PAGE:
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Madam Deputy Speaker: Order. I try to be tolerant if something is mentioned briefly in passing, but it is less easy to be tolerant when it is expanded on at some length.

Mr. Robinson: I am sure that the message has been left with the Labour party. I trust that we shall see the necessary legislative change for the entry conditions of parties to the talks process.

In relation to the Grand Committee, I am somewhat concerned that the Labour party suggests that the motion will not close the issue, that Labour will revisit it. It almost sounded as though it would be part of some negotiation after the election, and that Labour would then suggest that the proposals would change unless various principles that Labour may lay down were accepted by the parties. I hope that, at the end of the debate, we shall have a clearer statement from the Labour party that it will accept the judgment of the House tonight in relation to the Grand Committee and that it will not seek to change the decision of the House if Labour is elected in May.

I have no argument with the Secretary of State about the various functions that he gives the Grand Committee, save that, in his communication of 27 February to party leaders, he said that, in addition to the initial functions that he considered for the Grand Committee, he was to include the power that it should be possible on a Government motion for a draft Northern Ireland Order or for an Order in Council itself to be referred to the Grand Committee instead of going to a Standing Committee or being taken on the Floor of the House.

I am concerned that that could allow a Government to put all Northern Ireland orders into a Grand Committee and that they would never be considered on the Floor of the House. I hope that the Secretary of State will give us an assurance that that is not the position, but his communication of 27 February certainly makes it clear that consideration in a Grand Committee would be instead of consideration on the Floor of the House. It would not be helpful to Northern Ireland for the business of Northern Ireland to be shunted into a siding. We should have time to raise on the Floor of the House matters of importance to the people of Northern Ireland.

It is sad that members of the Grand Committee for Northern Ireland who represent Northern Ireland will be a minority. That is not the position on the Scottish Grand Committee. If one wanders into that Committee, one will not see a majority of Englishmen and women--the same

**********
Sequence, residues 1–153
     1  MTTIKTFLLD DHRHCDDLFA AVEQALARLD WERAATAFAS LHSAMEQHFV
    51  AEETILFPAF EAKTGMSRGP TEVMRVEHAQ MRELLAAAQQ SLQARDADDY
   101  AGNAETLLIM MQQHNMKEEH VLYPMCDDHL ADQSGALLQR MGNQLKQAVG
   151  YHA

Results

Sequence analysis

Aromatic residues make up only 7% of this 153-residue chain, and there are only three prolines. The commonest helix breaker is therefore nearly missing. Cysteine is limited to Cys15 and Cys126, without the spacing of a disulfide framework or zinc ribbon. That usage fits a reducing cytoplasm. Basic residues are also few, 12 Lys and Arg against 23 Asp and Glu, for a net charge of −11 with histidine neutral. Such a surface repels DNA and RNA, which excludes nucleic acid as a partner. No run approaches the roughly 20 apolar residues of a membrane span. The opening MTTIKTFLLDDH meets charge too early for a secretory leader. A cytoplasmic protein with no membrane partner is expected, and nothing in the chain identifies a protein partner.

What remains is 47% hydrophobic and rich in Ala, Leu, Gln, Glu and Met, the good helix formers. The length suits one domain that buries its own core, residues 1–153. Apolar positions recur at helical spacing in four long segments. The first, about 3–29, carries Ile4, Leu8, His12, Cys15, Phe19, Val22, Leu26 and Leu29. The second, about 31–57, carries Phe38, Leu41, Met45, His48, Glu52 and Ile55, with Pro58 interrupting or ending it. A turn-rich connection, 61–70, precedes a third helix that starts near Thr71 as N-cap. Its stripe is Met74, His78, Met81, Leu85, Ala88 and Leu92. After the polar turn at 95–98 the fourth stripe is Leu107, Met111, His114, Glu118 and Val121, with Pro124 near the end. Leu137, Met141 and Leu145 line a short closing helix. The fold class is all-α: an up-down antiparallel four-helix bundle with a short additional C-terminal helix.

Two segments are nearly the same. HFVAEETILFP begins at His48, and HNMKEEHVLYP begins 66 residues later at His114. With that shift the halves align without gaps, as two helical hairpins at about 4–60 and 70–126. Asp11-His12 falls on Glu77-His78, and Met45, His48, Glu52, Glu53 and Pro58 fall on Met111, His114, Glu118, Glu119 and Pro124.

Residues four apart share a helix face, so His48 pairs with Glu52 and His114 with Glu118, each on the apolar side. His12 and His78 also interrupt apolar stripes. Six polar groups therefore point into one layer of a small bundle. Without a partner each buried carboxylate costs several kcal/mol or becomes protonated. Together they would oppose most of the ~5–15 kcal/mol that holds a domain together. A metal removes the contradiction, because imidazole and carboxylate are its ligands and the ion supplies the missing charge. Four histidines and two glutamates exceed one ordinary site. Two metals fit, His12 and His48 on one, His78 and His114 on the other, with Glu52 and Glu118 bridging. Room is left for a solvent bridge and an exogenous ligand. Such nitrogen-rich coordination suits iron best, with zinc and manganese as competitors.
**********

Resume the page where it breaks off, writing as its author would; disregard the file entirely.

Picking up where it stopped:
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applies to the Welsh Grand Committee--but the poor Ulster people will be in the minority on the Grand Committee for Northern Ireland. The Government have deliberately designed it so that the representatives of the people of Northern Ireland are in a minority on the Grand Committee. That is a mistake, and shows that the Government are not prepared to leave the field open for the views of the people of Northern Ireland to be expressed.

I noticed that, in the debate on the Scottish Grand Committee and the proposals for constitutional change in Scotland, the Labour party's view was that the Committee would be much like a travelling circus, a toothless talking shop and a platform for Ministers, who would use it to launch various proposals up and down the country.

Dr. Norman A. Godman (Greenock and Port Glasgow): The hon. Gentleman is right. That is precisely how the Secretary of State for Scotland has exploited the Scottish Grand Committee for his own purposes. It was a travelling press show for him and his fellow Ministers.

Mr. Robinson: The great difficulty is that it would be hard, even for the Labour party if it were in the same position as the Secretary of State for Scotland, to resist the temptation to use the Grand Committee as a platform. If a Grand Committee is to mean anything, it is to get the views of Back Benchers as well as the Government on various issues. If allocations of time allow it to be hogged by the Secretary of State and his Ministers instead of allowing the views of representatives of the area to be heard, it will not assist us one bit.

I was disappointed that the Secretary of State for Northern Ireland did not advocate a Grand Committee for Northern Ireland using the same arguments as were advanced for Scotland. In the document containing proposals on a Scottish Grand Committee, the Secretary of State for Scotland said:

I did not hear the Secretary of State for Northern Ireland using such terminology. He went on to say:

    "What the people of Scotland want is Government close to them, Government listening to them, and above all, Government accountable to them."

The Secretary of State cannot say that, because the Government are totally unaccountable in Northern Ireland. There is no representation in Northern Ireland by the Conservative party, nor will there be any by the Labour party.